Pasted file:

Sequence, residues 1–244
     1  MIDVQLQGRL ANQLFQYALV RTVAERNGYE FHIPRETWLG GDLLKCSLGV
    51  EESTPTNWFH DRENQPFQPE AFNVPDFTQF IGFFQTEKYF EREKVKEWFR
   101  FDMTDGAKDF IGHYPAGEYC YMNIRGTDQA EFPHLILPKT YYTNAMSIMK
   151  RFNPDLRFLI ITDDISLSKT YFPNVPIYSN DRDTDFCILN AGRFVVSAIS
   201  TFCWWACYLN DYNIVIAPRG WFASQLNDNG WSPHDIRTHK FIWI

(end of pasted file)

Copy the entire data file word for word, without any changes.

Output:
Sequence, residues 1–244
     1  MIDVQLQGRL ANQLFQYALV RTVAERNGYE FHIPRETWLG GDLLKCSLGV
    51  EESTPTNWFH DRENQPFQPE AFNVPDFTQF IGFFQTEKYF EREKVKEWFR
   101  FDMTDGAKDF IGHYPAGEYC YMNIRGTDQA EFPHLILPKT YYTNAMSIMK
   151  RFNPDLRFLI ITDDISLSKT YFPNVPIYSN DRDTDFCILN AGRFVVSAIS
   201  TFCWWACYLN DYNIVIAPRG WFASQLNDNG WSPHDIRTHK FIWI